Trustees can be blamed personally over pensions; LEGAL FINANCE.
That's the warning from pensions lawyers who claim that scheme trustees could be exposed to unnecessary liabilities unless they take account of the restrictions contained in the new Companies Act 2006.
In essence, the Act casts doubt on the extent to which exonerations and indemnities - designed to protect pension trustees from personal liability and any costs they may incur - will continue to work where a corporate trustee is involved in the scheme.
The Act will only impact on pension schemes that have one or more companies as trustees. But this is not uncommon as schemes have increasingly looked to use corporate trustees as one way of protecting those carrying out day-to-day trusteeship responsibilities.
"In these circumstances, the Act could, at worst, wipe out any clauses in a pension scheme that provide valuable protection from personal liability for those carrying out trusteeship roles," said Jayne Reilly, a pensions specialist at Hammonds in Birmingham. "This could leave some trustee boards with no protection at all in the event of a challenge by members."
To combat the exposure caused by the changes in legislation employers and trustees are being advised to complete a damage limitation review.
Ms Reilly continued: "We are strongly advising pension scheme trustees to review their scheme protection to ensure that it will still work properly once the relevant parts of the Act come into force next week.
"In many cases some redrafting will be needed. But ensuring that trustees are properly protected is essential for businesses that want to hold on to, and attract, quality trustees to oversee their schemes."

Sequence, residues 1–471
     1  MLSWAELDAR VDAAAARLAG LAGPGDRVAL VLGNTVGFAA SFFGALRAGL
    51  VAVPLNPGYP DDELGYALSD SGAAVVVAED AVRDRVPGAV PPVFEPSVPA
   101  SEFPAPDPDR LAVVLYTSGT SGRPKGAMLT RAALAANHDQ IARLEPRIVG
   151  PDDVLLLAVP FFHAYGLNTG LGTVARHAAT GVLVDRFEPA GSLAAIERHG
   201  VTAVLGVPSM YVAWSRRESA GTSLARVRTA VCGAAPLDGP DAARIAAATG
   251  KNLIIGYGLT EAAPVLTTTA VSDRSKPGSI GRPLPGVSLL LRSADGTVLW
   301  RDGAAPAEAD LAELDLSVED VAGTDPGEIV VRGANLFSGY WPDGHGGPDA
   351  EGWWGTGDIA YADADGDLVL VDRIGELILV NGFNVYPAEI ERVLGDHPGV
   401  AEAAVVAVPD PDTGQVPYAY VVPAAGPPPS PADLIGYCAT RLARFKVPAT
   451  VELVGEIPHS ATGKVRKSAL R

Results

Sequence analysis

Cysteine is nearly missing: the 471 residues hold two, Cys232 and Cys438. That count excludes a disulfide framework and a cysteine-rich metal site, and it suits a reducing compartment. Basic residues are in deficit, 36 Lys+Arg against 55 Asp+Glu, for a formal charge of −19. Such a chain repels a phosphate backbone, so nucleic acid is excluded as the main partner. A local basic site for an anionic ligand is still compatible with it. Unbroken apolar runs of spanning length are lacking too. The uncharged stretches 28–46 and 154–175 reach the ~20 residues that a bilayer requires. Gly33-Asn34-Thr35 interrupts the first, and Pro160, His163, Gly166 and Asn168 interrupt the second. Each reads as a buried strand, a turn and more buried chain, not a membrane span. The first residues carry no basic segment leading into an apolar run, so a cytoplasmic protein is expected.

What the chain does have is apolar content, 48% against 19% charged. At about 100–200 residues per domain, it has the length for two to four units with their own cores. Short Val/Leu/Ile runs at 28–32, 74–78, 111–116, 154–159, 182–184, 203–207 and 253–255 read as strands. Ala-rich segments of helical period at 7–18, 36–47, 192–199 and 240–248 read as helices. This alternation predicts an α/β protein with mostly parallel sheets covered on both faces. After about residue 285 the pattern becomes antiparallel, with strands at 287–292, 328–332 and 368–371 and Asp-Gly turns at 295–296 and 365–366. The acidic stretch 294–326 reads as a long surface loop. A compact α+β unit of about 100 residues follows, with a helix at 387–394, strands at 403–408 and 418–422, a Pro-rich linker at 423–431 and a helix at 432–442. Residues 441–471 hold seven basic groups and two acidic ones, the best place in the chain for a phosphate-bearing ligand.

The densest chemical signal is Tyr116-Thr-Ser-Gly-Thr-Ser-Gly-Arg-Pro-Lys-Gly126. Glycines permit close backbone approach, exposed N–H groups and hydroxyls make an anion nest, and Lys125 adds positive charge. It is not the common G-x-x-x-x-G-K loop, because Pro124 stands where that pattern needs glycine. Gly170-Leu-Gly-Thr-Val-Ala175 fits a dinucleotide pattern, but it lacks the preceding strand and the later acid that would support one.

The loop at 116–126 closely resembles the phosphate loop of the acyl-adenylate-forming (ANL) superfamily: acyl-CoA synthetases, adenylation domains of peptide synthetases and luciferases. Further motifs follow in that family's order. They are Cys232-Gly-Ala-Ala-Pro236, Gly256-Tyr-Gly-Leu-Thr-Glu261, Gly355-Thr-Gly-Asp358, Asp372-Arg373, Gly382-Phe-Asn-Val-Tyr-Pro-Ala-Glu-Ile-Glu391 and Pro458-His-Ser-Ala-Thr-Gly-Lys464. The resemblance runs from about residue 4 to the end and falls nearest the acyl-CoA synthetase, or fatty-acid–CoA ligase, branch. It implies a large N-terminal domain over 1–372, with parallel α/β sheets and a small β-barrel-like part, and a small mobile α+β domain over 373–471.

Hammonds says It is standard practice for pension trustees to be protected by the employer against any liabilities they incur through acting as trustees of the scheme.
And recent legislation now requires schemes to appoint "member nominated trustees" who have been selected by pension scheme members. But attracting suitable candidates is not always easy given the scrutiny that trustee positions currently face.
"The majority of pension scheme trustees are unpaid volunteers who work on the basis that employers provide them with the best protection possible from being held personally liable when things go wrong.
"Unless pension schemes can demonstrate this, attracting trustees - one of their most valuable assets - could become even more of an uphill battle."
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|Publication:||The Birmingham Post (England)|
|Date:||Sep 28, 2007|
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